When it comes to risk management or portfolio allocation in traditional finance (TradFi), fund managers often use financial models to make portfolio allocations that quantify risk in a variety of manners. These risk management metrics often take the form of greek letters: alpha, beta, delta, gamma, rho, theta, etc. which allow managers to measure portfolio sensitivities to market changes in underlying prices, market volatility, interest rates, and other factors.
In addition to this, quantitative money managers often use bayesian modeling to model portfolio performance as a distribution of probabilities, so these greek letters may take on values of multiple probability distributions summed together (Bayesian statistics).
The major issue facing blockchains right now is that if you’re going to truly decentralize finance, you have to make available the same sets of tools that are available to traditional finance, otherwise all you’re doing is taking on risk that you can’t quantify.
Current Limitation of Smart Contracts
In the previous section, I mentioned that risk management and thus portfolio management often boils down to greek letters. These greek letters are usually partial derivatives of a variety of financial modeling equations, the most famous one being the Black-Scholes Model for option pricing.
Here, we see the problem facing blockchains when it comes to TradFi modeling, which is the fact that oftentimes, TradFi models include distributions. In the case of the Black Scholes Model, that “N” symbol is a log-normal distribution.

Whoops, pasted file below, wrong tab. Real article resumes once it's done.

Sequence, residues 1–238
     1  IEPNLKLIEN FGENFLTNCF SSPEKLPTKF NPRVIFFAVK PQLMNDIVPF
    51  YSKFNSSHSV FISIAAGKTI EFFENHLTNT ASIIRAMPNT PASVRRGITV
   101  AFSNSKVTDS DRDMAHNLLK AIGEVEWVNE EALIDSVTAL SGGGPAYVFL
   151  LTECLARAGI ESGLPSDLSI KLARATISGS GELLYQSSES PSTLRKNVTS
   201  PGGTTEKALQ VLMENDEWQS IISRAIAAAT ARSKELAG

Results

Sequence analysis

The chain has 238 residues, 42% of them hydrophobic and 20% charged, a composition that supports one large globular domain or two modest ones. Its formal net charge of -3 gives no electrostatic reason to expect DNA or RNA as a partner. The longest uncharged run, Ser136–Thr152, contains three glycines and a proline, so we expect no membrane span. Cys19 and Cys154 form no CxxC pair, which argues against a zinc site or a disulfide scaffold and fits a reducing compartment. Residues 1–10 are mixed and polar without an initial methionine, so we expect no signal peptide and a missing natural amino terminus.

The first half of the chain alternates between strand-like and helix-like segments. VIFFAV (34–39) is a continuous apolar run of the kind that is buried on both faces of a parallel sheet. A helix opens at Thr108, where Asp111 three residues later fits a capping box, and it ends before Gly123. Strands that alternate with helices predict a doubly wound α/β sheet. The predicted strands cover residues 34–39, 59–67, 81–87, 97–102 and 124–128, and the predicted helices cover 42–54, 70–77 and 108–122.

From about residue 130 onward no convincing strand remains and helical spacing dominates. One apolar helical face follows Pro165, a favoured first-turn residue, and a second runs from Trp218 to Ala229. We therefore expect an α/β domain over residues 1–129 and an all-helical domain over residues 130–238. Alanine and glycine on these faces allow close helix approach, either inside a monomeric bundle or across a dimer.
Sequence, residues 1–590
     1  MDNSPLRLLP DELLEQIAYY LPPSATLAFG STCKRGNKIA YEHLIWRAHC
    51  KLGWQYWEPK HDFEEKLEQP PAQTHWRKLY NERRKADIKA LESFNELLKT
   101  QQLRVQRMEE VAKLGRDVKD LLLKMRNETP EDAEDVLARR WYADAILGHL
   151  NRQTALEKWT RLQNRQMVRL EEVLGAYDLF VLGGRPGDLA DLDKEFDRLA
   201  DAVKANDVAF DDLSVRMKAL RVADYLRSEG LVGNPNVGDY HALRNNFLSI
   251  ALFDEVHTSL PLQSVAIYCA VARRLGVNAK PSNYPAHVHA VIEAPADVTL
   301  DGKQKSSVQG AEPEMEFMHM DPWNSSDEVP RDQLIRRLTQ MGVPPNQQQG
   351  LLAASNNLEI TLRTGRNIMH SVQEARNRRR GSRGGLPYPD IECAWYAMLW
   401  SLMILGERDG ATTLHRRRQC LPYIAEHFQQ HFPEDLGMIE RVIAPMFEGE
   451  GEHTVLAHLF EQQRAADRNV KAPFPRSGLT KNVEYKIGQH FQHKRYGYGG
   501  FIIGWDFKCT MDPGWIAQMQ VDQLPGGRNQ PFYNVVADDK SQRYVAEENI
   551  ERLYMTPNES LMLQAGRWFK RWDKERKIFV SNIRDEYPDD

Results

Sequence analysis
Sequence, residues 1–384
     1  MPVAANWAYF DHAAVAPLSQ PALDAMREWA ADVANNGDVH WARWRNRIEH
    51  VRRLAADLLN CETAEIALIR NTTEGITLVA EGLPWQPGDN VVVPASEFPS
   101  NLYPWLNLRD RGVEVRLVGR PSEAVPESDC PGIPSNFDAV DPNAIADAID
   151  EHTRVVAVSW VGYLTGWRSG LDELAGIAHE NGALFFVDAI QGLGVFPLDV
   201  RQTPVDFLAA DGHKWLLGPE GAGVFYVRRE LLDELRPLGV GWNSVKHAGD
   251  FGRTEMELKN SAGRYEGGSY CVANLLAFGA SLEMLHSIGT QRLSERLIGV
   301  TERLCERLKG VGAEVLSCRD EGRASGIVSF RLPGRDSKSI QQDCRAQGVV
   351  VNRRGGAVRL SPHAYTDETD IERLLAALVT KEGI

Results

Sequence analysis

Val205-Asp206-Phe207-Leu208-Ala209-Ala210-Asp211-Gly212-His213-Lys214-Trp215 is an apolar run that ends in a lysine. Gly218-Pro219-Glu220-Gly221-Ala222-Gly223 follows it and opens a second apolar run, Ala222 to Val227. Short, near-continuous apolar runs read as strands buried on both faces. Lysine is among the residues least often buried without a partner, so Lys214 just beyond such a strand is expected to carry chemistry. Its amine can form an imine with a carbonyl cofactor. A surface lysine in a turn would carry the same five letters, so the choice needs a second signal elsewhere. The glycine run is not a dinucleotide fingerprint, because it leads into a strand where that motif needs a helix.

Which brings us to our most crucial and technical problem facing smart contracts today…
The major problem with Ethereum smart contracts is that Solidity as a programming language does not support floating point [decimal] numbers, which makes manual calculations of implied volatility with something like the Black Scholes Merton (BSM) Model within a smart contract impossible.
If you don’t have floating point numbers, you can’t model continuous distributions, which means you can’t do TradFi modeling on-chain. This is a major hurdle facing Solidity in terms of adoption for decentralized asset management.
Python is right now the defacto language for financial modeling because of it’s extensive availability of finance libraries such as TA-Lib and Mibian. If independent financial professionals and developers for independent quantitative asset managers are going to adopt smart contracts as a viable transparent money management solution, then this floating point number problem will need to be solved.